The Case for Anarchy

By Heffer, Simon | The Spectator, May 18, 2002 | Go to article overview

The Case for Anarchy


Heffer, Simon, The Spectator


IT often seems to be forgotten that one of the functions of a democracy is to protect the rights of minorities. It is an easy mistake to make. In a democracy, power is supposedly reserved for those who command the greatest support from an electorate. It is also assumed by some, out of ignorance or occasionally out of wickedness, that this allows those who have the power to use it as they will. The late Lord Hailsham recognised this problem more than 30 years ago, when he spoke of an ,elective dictatorship'. He was referring to the capacity for a government - in that specific case, the Labour administration of Harold Wilson - to do as it pleased in the intervals between having to seek a mandate from the people.

Lord Hailsham was not to know it, but things were far better in the late 1960s than they are now. Because the House of Lords still had its large hereditary element, it was both independent and filled with expertise. The Salisbury-Addison convention meant that the Lords did not obstruct the passage of Bills that were the result of manifesto commitments, so it respected democracy. The House of Commons had a numerically strong opposition that could, and did, prevent potentially harmful legislation from going through.

In 1969, a coalition of Enoch Powell and Michael Foot ensured that attempts to reform the House of Lords in a way that would have made it the tool of the Commons did not succeed. There were fewer professional politicians, and therefore more who were prepared to face down their whips and follow their consciences. Powerful forces in the Cabinet could ensure that the prime minister did not inevitably get his way - as was seen when Wilson's own colleagues effectively squashed In Place of Strife. The Queen was treated with respect as a head of state with important prerogatives and not as a tiresome ceremonial impediment. The prime minister's wife did not have a semiofficial function. In short, there were checks and balances. As a result, the public might not have agreed with what the government did, but they were governed properly, and the system more or less worked.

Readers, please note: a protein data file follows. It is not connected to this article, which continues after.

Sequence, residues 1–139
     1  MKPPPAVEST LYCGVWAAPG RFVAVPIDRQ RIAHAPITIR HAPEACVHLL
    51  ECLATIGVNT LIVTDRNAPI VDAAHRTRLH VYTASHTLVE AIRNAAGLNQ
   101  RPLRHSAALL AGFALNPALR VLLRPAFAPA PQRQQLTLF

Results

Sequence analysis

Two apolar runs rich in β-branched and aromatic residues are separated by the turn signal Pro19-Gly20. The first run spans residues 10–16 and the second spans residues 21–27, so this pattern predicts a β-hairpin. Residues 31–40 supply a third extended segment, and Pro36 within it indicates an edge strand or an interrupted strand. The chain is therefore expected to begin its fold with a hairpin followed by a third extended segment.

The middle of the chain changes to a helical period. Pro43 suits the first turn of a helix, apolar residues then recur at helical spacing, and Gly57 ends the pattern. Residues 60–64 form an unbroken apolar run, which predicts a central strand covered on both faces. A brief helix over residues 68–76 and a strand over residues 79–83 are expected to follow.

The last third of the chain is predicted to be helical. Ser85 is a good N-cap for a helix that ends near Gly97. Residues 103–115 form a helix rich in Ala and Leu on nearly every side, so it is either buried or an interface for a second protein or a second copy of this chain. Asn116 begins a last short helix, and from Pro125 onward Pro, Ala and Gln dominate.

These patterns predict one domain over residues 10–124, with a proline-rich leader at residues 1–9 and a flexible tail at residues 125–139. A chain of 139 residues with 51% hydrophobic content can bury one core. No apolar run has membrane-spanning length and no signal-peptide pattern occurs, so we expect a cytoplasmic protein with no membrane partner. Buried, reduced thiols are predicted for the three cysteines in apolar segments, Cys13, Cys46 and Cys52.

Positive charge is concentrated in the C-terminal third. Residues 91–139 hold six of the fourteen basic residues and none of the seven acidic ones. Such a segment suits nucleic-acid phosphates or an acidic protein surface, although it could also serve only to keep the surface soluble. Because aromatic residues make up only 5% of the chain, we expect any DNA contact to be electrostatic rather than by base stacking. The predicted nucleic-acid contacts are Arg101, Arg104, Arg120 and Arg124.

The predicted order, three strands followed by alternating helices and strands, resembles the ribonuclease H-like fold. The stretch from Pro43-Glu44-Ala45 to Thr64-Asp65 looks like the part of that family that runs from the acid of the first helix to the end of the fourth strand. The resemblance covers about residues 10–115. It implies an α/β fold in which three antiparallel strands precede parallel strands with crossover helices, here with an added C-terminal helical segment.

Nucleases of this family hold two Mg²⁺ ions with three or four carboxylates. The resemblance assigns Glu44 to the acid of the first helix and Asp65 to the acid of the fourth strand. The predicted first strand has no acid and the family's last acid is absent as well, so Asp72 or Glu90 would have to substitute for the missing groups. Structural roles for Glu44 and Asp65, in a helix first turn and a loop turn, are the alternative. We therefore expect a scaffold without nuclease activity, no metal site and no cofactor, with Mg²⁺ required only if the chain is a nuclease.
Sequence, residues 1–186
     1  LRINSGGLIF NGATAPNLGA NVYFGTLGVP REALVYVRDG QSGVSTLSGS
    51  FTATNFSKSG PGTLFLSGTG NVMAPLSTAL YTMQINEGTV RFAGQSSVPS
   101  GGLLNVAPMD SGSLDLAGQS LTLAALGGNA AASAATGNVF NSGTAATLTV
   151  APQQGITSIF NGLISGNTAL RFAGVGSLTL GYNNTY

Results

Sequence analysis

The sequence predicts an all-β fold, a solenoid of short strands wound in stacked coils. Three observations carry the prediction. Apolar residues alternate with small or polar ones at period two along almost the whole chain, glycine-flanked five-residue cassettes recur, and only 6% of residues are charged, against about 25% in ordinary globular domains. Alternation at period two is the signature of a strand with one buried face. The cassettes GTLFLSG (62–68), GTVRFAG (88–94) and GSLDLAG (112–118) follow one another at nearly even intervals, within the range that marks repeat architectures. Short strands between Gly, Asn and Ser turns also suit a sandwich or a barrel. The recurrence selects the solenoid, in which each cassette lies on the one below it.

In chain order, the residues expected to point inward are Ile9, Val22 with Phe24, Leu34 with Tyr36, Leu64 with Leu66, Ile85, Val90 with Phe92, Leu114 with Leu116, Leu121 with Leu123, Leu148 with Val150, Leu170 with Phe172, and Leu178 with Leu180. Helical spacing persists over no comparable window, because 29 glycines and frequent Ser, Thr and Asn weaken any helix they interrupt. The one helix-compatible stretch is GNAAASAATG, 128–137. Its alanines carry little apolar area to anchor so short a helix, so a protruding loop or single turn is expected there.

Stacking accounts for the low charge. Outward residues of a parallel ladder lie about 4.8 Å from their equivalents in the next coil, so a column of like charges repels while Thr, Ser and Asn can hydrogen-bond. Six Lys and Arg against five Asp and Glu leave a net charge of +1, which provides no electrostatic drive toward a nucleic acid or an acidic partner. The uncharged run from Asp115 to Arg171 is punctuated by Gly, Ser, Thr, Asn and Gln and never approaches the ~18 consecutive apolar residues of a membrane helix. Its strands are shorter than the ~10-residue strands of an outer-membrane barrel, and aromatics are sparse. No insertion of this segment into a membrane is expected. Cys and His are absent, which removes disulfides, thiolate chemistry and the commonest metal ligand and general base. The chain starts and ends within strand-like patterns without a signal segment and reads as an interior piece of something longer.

Now, the system does not work. Democracy is in retreat. Parliament has become the personal fiefdom of the Prime Minister and a group of his unelected cronies. A majority of almost 170 ensures that he can have whatever business he likes put through the Commons. The Lords have been neutered. Even the press is being emasculated, thanks to the ending of the lobby system and its opportunities for the consistent, forensic questioning of the government's spokesmen. Accountability is a thing of the past. Great disasters happen - like foot-and-mouth last year and the government absolutely refuses a public inquiry. A secretary of state lies on television and to the House of Commons and yet keeps his job. When he comes under what would once have been intolerably heavy pressure over his lying, he is protected by colleagues who simply lie further in order to shield him. The public feels alienated, despised, irrelevant. Meanwhile, the government plots more ways to remove the voter still further from the political process.

The main victims of this flight from democracy are to be found in Middle England. Ordinary people (as Lord Falconer would call them), minding their own business, find themselves more and more ignored by politicians and betrayed by the political process. Their opinions go unrepresented and probably unregistered. They start to fear that voting changes nothing. As a result, they either cease bothering about the way the country is run, or they begin to consider other options.

The government can, of course, turn round and say: ah, yes, but you see we were elected to do certain things by an enormous democratic majority, and, by golly, we are doing them. The problem is that they are doing other things that they were not specifically elected to do: the wreckage of so many means of accountability comes under that heading. …

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